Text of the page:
Build a relaxation practice

Stress can leave us feeling tense and irritable and interfere with our work and personal lives, which is why finding ways to relax is so important. Not only does relaxation help us calm down and recover from difficult days, but it also lowers blood pressure, increases our ability to concentrate, improves sleep, decreases muscle tension and more. 

The good news is that we can learn how to intentionally practice relaxation through deep breathing, meditation, mindfulness, exercise and progressive muscle relaxation.

Deep breathing can ease anxiety and soothe tension. Practice directing your breath by inhaling slowly through your nose and exhaling through your mouth. You can learn specific practices like abdominal breathing, count your breaths and make your exhale a few seconds longer than your inhale. 

Meditation takes many different forms and offers people ways to find inner peace. Try focusing on sounds or images, or simply take a few minutes in a quiet place to close your eyes and breathe while imagining a place or object that comforts you. 

Mindfulness helps people slow down and remain in the present moment instead of worrying about the future or past anxieties. While you can take a class or read a book about mindfulness, you can also practice mindfulness at home or at work by enjoying each bite of a meal or slowing down and paying attention to the sights and sounds around you.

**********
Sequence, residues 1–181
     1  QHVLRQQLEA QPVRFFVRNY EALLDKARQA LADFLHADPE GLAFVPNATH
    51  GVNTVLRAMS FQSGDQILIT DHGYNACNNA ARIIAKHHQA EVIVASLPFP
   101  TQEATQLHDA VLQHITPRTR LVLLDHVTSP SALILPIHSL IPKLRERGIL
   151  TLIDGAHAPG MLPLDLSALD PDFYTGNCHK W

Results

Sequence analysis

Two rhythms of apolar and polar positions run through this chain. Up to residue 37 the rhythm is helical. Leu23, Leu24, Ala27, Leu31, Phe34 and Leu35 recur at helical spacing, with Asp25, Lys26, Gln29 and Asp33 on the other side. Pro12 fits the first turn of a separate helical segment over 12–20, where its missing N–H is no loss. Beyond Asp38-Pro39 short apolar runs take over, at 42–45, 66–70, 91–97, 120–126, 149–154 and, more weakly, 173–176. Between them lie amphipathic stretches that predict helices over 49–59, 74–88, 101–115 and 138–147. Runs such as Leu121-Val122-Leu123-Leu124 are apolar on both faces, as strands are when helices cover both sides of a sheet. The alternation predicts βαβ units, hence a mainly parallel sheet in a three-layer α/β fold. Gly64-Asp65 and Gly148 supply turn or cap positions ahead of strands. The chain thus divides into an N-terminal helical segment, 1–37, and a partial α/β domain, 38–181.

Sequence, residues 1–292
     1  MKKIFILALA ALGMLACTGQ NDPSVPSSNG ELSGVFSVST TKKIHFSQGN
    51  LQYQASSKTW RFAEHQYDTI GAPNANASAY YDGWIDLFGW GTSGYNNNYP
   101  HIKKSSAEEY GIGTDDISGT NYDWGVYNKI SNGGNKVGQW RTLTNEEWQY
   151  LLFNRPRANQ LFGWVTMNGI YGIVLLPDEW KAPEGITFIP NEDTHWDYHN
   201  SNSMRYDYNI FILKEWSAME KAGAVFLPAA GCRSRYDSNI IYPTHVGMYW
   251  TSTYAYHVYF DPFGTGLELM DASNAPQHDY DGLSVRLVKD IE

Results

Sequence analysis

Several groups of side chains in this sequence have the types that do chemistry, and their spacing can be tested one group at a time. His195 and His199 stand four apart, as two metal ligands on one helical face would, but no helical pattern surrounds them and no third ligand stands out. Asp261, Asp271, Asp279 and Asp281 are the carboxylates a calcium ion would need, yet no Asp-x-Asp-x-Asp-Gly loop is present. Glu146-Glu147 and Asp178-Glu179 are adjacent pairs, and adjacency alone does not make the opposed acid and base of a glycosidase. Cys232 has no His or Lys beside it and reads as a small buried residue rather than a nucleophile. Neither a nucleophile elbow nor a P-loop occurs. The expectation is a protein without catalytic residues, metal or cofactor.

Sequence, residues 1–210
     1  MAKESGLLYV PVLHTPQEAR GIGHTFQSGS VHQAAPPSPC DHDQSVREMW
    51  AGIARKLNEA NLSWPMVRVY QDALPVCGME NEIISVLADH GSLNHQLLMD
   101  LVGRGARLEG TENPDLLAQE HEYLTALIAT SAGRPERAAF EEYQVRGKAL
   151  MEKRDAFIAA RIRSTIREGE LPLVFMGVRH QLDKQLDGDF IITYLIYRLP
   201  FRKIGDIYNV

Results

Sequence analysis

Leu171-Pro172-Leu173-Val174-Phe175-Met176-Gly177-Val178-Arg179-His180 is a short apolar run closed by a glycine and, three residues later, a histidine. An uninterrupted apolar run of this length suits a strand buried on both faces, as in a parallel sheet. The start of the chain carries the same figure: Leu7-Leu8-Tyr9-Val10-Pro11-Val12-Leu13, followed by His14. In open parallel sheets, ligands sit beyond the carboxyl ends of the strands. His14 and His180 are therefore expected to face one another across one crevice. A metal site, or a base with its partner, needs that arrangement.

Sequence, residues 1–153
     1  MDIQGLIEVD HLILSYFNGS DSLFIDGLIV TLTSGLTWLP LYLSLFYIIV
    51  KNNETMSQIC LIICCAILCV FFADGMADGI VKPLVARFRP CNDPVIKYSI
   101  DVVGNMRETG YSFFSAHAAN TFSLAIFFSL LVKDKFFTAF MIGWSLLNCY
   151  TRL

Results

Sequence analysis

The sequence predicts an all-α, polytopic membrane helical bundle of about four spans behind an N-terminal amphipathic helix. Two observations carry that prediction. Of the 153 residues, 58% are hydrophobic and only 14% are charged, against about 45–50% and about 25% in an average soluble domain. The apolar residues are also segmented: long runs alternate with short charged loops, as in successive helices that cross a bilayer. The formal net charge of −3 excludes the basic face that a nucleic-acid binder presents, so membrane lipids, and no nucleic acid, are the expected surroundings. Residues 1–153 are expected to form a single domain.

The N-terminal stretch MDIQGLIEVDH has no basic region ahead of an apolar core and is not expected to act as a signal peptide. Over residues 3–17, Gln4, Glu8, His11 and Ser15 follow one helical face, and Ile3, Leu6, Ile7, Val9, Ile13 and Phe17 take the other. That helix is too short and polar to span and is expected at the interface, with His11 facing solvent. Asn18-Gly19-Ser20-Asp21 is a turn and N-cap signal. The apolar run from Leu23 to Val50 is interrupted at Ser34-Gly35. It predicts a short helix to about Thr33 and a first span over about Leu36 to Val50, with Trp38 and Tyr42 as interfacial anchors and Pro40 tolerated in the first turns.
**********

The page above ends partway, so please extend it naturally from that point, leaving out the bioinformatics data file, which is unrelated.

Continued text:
Exercise is beneficial for many reasons, and it does not have to be intense to be effective. Something as simple as a walk around your neighborhood can relieve tension. Once you find an activity you enjoy, try to build up to 30 minutes of activity most or all days of the week. 

Progressive muscle relaxation is a great way to get your entire body to relax in just a few minutes. Find somewhere quiet and comfortable to lie down and stretch out. Then inhale as you concentrate on contracting your muscle groups for three to five seconds, and exhale as you release the tension. Work your way up from your toes to your forehead or vice versa. 

Known as the father of mindfulness, poet and teacher Thich Nhat Hanh says: “We will be more successful in all our endeavors if we can let go of the habit of running all the time, and take little pauses to relax and recenter ourselves. And we’ll also have a lot more joy in living.”

If you need additional support, help is available through Dallas ISD’s Employee Assistance Program by LifeWorks. The confidential, secure platform has countless resources available online for free. From 24/7 on-call counselors to practical tips on subjects like managing grief, processing anger and maintaining work-life balance, employees can find what they need, when they need it. 

Reach out to LifeWorks at (972) 925-4000, or visit and click on Benefits Resources to access online EAP information. 

Source: LifeWorks

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